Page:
The Israel Antiquities Authority announces a gift from the Jack, Joseph and Morton Mandel Foundation of Cleveland, Ohio, to establish the Mandel National Library for the Archaeology of Israel and Mandel National Archaeological Archives. The library and archives will be part of the Israel Antiquities Authority’s Schottenstein National Campus for the Archeology of Israel, currently under construction in Jerusalem.
The Campus, designed by renowned architect Moshe Safdie, will serve as the new education, research, conservation and illumination center and as headquarters of the Israel Antiquities Authority. The complex, located on Museum Hill adjacent to the Israel Museum and overlooking the Hebrew University Givat Ram Campus, will house nearly 2 million archaeological objects, among them 15,000 Dead Sea scrolls, viewable conservation and restoration laboratories, an auditorium, special study galleries, an archaeological education center, roof top exhibition gardens, a café and more. The 35,000-square-meter Campus is scheduled to be inaugurated in April 2016.
The Jack, Joseph and Morton Mandel National Library for the Archaeology of Israel, located within the complex, will house nearly 150,000 volumes, including 500 rare books, and over 1,000 periodicals. The adjacent Jack, Joseph and Morton Mandel National Archaeological Archives will contain the Israel Antiquities Authority Archive, the British Mandatory Archive as well as maps, permits, plans and publications of excavations from the Mandatory Period through today, serving researchers and the public.
The Mandel National Library for the Archaeology of Israel and Mandel Archives will be the largest of their kind in the Middle East and serve as a premiere research center for the archaeology and history of the Land of Israel.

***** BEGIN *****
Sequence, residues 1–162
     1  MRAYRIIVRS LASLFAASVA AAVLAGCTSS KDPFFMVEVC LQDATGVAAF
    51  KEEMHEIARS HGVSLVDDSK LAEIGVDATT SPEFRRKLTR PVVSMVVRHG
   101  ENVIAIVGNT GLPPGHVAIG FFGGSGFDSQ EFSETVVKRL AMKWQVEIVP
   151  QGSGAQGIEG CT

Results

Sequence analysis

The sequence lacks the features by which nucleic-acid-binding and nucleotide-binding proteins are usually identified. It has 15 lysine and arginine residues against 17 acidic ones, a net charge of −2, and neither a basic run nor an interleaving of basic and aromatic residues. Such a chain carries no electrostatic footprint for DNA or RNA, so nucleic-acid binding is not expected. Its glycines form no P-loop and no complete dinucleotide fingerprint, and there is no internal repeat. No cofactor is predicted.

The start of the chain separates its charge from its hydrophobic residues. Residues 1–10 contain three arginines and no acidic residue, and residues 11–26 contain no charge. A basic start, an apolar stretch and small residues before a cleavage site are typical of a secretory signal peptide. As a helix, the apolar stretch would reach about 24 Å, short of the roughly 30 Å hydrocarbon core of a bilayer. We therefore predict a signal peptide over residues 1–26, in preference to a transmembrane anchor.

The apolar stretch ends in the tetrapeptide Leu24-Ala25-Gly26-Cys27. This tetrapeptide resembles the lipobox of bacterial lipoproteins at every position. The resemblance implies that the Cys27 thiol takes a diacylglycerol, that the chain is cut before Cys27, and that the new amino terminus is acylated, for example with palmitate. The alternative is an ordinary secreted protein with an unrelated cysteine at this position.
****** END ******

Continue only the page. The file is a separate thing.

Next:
Morton L. Mandel, Foundation chairman and CEO said: “We welcome the opportunity to support the Israel Antiquities Authority in its mission to excavate, research, conserve and educate the public about the archaeological and historical heritage of the Land of Israel spanning the past 10,000 years.”
Mr. Mandel added: “We hope the Mandel National Library for the Archaeology of Israel and the Mandel Archives will serve as a source of inspiration and learning for the public at large and for today’s leaders as they explore the past of the Land of Israel.”
According to Shuka Dorfman, director-general of the Israel Antiquities Authority: “We see the Mandel National Library for the Archaeology of Israel and Mandel Archives as a unique magnet and beacon for archeological, historical and Israel studies – a center of learning, research and knowledge. The Campus is the largest and most important project to be established in Jerusalem this decade. Through its generosity, the Mandel Foundation has helped preserve and make more accessible archaeology and the cultural heritage of the Land of Israel.”